Parents may not be property experts but their advice is sound in a commonsensical way, so here are their tips for first-time buyers
The current property boom reminds me of the time I bought my apartment about seven years ago. The year was 2002 and the Government had relaxed one key regulation concerning property purchases.
Instead of having to put down a 20 per cent cash down payment on a home, buyers now needed to come up with only 10 per cent cash, and could take the rest of the down payment from their CPF savings.
It was a major change for young working adults like me who had worked for a few years and accumulated some savings, but not enough to comfortably stump up say, $100,000 on a $500,000 home.
Suddenly, smaller and reasonably priced apartments appeared on my horizon. My job prospects seemed certain, so I went house-hunting with my parents in tow. A few weeks later, I had signed on the dotted line and was preparing to move into my new studio apartment.
When the rule changed in 2002, I met many first-time buyers like me at showflats around the island. Some were scouting for a good investment with good rental yield, but many were singles or young couples who were looking for a place to live.
Many in the latter category were already renting apartments, which was a drain on their monthly cashflow. Buying made sense because they would be freed from paying rent and could withdraw from their CPF savings instead to pay the monthly loan instalments.
These are the sorts of reasons for buying that I am hearing now from my friends and colleagues, many of whom are also house-hunting.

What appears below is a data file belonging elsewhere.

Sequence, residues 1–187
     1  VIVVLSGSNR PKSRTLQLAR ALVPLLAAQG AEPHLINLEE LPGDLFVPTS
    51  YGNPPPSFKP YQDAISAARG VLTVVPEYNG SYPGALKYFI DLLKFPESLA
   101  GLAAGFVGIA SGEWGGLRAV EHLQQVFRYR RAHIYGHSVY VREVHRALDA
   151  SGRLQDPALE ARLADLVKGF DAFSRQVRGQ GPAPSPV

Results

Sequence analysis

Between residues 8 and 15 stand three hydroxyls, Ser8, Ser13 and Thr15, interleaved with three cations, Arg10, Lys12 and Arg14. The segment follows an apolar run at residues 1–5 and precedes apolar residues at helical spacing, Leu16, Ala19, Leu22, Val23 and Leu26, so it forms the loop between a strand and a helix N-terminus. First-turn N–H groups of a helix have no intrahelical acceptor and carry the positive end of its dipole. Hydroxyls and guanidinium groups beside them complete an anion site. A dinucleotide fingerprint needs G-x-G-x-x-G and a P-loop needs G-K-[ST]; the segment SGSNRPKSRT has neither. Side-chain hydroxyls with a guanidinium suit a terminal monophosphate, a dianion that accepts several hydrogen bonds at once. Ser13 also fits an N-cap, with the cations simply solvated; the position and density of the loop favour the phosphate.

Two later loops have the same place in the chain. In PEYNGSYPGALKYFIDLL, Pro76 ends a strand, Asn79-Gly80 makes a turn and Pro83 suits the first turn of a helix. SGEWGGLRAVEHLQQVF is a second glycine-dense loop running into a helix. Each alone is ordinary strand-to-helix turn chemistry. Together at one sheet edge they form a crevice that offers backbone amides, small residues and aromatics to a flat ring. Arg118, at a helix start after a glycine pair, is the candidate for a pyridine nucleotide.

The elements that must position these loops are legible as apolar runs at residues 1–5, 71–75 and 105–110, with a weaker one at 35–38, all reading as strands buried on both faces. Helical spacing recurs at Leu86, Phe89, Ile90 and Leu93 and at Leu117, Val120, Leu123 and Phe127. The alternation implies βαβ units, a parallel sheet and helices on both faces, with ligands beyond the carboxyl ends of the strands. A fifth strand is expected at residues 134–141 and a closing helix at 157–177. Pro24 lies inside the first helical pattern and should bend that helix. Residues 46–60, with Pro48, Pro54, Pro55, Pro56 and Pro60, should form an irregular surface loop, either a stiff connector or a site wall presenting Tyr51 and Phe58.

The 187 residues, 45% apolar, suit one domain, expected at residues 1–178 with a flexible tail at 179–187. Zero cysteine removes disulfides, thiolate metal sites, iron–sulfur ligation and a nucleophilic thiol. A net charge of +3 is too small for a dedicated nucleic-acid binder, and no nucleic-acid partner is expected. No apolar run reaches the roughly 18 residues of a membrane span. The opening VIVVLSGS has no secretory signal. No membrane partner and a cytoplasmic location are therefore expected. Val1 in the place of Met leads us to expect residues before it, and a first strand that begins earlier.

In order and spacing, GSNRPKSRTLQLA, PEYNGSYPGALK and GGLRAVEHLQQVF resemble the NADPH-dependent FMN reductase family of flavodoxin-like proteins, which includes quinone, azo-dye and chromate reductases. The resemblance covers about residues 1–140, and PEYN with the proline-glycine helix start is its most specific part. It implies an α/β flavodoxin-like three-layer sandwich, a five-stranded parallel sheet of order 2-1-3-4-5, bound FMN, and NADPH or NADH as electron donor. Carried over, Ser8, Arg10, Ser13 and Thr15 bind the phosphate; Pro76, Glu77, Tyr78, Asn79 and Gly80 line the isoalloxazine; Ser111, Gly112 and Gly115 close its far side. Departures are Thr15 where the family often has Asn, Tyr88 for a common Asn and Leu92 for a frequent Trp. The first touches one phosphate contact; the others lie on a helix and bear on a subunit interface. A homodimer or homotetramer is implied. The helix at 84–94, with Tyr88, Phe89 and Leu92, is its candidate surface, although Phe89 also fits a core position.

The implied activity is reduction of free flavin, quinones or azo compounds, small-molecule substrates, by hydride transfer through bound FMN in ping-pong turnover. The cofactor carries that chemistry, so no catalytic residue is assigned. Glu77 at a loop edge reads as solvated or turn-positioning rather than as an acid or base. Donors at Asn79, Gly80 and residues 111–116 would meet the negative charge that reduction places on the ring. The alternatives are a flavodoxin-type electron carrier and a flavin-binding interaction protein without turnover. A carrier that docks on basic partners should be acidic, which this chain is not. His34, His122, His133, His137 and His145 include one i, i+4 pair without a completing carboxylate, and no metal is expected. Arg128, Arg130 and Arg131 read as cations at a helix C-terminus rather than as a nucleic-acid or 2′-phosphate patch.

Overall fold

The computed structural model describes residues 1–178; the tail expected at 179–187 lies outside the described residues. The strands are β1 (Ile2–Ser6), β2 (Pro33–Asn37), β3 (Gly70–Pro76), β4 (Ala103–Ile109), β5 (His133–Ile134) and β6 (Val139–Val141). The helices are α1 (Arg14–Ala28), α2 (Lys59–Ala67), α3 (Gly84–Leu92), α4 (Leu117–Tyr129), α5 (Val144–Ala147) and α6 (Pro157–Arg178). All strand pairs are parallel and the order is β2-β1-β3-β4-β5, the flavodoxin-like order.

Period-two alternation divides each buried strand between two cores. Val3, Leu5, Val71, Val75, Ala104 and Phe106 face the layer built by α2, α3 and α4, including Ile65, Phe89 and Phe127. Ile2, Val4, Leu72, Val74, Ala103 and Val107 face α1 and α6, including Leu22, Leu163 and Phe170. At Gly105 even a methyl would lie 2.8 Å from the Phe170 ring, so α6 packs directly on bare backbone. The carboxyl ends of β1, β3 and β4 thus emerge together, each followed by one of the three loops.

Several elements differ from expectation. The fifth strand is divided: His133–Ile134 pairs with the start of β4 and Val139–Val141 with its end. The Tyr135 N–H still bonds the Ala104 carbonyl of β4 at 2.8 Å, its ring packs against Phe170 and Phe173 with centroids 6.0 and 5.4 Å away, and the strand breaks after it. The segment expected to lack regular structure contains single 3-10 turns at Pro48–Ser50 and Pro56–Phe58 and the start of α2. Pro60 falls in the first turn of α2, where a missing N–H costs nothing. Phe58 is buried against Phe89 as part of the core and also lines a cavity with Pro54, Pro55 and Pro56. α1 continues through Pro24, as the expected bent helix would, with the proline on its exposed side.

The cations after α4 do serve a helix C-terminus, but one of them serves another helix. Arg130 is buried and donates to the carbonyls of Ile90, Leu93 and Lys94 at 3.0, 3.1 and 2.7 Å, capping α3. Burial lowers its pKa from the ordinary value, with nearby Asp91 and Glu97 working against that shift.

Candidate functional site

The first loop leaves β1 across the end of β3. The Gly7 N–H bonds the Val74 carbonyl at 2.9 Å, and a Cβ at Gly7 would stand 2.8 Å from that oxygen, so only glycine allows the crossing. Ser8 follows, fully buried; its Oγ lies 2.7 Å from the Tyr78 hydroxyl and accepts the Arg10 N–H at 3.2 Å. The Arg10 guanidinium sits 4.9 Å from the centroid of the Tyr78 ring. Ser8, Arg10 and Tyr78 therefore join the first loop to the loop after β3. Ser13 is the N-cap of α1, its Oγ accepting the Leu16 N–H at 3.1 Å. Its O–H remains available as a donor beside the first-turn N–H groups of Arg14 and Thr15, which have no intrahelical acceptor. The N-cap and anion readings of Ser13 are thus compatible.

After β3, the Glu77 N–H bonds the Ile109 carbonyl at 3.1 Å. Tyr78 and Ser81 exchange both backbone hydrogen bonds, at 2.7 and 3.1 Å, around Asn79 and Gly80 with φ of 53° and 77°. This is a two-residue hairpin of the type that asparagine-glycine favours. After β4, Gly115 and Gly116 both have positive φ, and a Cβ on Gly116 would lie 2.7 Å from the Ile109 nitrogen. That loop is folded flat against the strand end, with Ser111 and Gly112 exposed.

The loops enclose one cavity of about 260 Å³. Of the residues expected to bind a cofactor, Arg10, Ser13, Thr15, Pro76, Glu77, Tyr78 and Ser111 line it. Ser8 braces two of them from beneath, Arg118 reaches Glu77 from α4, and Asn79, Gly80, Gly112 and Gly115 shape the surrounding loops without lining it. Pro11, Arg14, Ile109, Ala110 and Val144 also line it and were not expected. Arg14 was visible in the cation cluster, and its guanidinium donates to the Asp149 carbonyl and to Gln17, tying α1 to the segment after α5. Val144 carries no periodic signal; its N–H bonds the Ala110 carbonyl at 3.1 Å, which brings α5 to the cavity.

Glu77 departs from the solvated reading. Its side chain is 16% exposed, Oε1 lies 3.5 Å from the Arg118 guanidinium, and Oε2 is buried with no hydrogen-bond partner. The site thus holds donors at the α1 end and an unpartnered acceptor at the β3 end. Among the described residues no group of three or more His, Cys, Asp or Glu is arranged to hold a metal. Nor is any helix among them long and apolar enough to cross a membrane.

The property boom in 2006 and 2007 had passed them by. Many apartments launched were huge and located in prime areas, costing at least $1.5 million.
If your budget was $500,000, the only way you could get in on the action was to take a gamble with some co-investors on a swanky District 9 four-bedder that you could never afford to live in.
Many ordinary working executives might have wanted to invest in property but didn't want to take that sort of gamble, so they stayed on the sidelines.
These people are out in droves this year, attracted by a good selection of smaller or more affordable suburban apartments. We are seeing more genuine demand from investor-occupiers.
Some friends and colleagues have asked me for my advice on buying property. I always tell them that I am no expert, though I can give them some arguments currently being propounded by analysts who are bullish or bearish on the market.
Bulls point to the fact that there is genuine demand from buyers who have money saved up from four good years of economic growth from 2004 to 2008. There will also be more foreigners in Singapore and they are both renting and buying homes.
They also say that the problem of oversupply in the market has been reduced by developers delaying some launches and that when these homes come onstream in 2011 or later, an economic recovery will have taken hold to cushion the blow.
Property bears will tell you that prices haven't fallen very much from the peak and are still way above the last trough.
The oversupply of homes (there are more than 60,000 units in the pipeline) may have been postponed, but will still need to work its way through the system. An economic recovery is starting, but will be weak for a number of years.
After presenting both sides of the argument, I warn them that all these macro factors are notoriously unreliable in any case.